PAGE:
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Venomous Dinosaur Discovered [Merged]


Cryptoman
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Jurassic Park was packed with pseudo-science, but one of its fictions may have accidentally anticipated a dinosaur discovery announced today—venomous raptors.

Though a far cry from the movie's venom-spitting Dilophosaurus, the 125-million-year-old Sinornithosaurus may have attacked like today's rear-fanged snakes, a new study suggests.

Rear-fanged snakes don't inject venom. Instead, the toxin flows down a telltale groove in a fang's surface and into the bite wound, inducing a state of shock.

In Sinornithosaurus fossils, researchers discovered an intriguing pocket, possibly for a venom gland, connected to the base of a fang by a long groove, which likely housed a venom duct, the study says. Sinornithosaurus fangs also feature snakelike grooves in their surfaces.

"The ductwork leading out of the venom gland gave the venom a way to travel to the base of the teeth, where the venom welled up in the grooves," said study co-author paleontologist David Burnham of the University of Kansas Natural History Museum and Biodiversity Research Center.

"So when they sank their teeth into tissue of the victim, it allowed the venom, which was really enhanced saliva, to get into the wound."

http://news.nationalgeographic.com/news/2009/12/091221-venomous-dinosaur-venom-dinosaurs-snakes.html

That's really amazing. Yet, it somehow doesn't makes sense. Why would the descendant of birds have venom glands?

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http://news.nationalgeographic.com/news/2009/12/091221-venomous-dinosaur-venom-dinosaurs-snakes.html

That's really amazing. Yet, it somehow doesn't makes sense. Why would the descendant of birds have venom glands?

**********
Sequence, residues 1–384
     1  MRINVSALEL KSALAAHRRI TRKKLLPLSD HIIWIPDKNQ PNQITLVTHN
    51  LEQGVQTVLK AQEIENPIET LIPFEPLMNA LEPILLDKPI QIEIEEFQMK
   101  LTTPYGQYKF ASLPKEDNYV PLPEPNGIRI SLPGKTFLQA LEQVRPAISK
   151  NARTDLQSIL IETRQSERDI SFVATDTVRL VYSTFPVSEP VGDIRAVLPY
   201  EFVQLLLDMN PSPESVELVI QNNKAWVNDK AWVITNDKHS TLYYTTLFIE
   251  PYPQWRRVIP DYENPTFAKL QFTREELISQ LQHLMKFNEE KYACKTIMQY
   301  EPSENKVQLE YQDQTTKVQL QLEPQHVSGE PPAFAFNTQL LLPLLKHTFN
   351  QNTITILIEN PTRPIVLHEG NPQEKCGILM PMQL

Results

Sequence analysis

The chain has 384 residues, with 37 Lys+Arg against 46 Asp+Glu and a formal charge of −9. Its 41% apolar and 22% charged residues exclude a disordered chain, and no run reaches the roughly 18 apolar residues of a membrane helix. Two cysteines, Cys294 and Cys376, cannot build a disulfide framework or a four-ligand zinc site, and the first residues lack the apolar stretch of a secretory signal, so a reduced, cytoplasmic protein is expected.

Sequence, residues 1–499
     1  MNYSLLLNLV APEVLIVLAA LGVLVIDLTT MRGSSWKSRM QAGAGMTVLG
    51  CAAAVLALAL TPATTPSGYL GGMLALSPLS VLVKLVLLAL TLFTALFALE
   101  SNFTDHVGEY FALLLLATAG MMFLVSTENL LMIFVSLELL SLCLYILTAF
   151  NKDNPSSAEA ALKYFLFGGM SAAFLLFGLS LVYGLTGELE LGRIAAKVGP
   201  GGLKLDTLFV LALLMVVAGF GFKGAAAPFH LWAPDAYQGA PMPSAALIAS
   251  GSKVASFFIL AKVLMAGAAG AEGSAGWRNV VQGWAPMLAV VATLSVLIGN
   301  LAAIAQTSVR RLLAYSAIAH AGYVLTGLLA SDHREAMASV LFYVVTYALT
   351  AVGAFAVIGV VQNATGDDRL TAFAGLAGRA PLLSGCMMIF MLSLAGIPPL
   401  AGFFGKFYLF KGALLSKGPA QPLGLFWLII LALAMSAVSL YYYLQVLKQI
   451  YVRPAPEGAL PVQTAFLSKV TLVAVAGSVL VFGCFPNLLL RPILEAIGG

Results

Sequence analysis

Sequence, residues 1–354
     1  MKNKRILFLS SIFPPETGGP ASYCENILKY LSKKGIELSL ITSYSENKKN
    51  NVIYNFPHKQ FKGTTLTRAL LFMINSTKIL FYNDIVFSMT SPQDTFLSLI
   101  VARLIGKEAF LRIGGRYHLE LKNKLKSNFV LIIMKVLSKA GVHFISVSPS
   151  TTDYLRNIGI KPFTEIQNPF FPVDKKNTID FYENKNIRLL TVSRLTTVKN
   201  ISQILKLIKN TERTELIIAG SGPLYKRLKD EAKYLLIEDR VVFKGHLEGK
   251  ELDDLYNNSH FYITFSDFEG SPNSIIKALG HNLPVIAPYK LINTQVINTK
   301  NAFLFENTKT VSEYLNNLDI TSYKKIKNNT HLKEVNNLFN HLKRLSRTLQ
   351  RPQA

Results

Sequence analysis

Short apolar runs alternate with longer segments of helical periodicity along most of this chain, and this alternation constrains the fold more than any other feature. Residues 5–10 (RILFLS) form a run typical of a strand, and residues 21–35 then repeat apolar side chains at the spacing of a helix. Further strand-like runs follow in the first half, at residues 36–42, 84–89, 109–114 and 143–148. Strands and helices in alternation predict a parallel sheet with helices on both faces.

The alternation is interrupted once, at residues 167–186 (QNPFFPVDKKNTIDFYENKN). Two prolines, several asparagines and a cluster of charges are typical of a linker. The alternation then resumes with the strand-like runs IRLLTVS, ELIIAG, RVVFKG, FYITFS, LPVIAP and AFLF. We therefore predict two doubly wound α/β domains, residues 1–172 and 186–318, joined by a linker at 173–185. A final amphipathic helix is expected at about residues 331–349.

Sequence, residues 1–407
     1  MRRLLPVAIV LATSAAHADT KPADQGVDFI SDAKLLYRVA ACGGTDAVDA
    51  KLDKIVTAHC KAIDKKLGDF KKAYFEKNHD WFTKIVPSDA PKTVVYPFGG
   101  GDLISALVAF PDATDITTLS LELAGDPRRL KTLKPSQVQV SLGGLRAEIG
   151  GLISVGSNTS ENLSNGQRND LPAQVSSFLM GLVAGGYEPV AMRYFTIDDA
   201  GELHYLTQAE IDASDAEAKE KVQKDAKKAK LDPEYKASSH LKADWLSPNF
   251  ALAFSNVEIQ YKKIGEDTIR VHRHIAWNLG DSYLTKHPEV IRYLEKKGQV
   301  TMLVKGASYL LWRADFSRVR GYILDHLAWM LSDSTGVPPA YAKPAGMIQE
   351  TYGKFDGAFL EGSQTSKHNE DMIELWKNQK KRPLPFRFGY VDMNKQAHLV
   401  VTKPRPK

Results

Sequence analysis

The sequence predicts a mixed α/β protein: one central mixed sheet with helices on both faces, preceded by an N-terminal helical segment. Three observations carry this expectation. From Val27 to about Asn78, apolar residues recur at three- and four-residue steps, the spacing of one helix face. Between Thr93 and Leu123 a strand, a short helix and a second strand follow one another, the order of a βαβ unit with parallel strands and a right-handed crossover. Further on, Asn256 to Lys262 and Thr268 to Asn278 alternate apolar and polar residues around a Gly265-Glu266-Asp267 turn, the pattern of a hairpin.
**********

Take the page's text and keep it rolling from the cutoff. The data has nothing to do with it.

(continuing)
It sounds comlicated but it works. Some of the deadlist snakes in the world are rear fanged, like cobras. Aren't snakes decended from dinosaurs? KennyB

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It sounds comlicated but it works. Some of the deadlist snakes in the world are rear fanged, like cobras. Aren't snakes decended from dinosaurs? KennyB

Actually, snakes evolved from small burrowing lizards. I still find it strange that the ancestors of birds may have had venom sacs. Maybe birds did not derive from the dromeaosaurids. Unless their is a bird out there with a similar trait that I have never heard of, I must be somewhat skeptical of this claim. Amazing find, but rather peculiar.

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http://news.nationalgeographic.com/news/2009/12/091221-venomous-dinosaur-venom-dinosaurs-snakes.html

That's really amazing. Yet, it somehow doesn't makes sense. Why would the descendant of birds have venom glands?

Not all dinos necessarily evolved into birds, especially not the quadropeds.

I can't even fathom that many years. And isn't venom in a dinosaur kinda overkill?

Depends on the hunting strategy,a slow hunter, or a hunter with little stamina needs venom.

It sounds comlicated but it works. Some of the deadlist snakes in the world are rear fanged, like cobras. Aren't snakes decended from dinosaurs? KennyB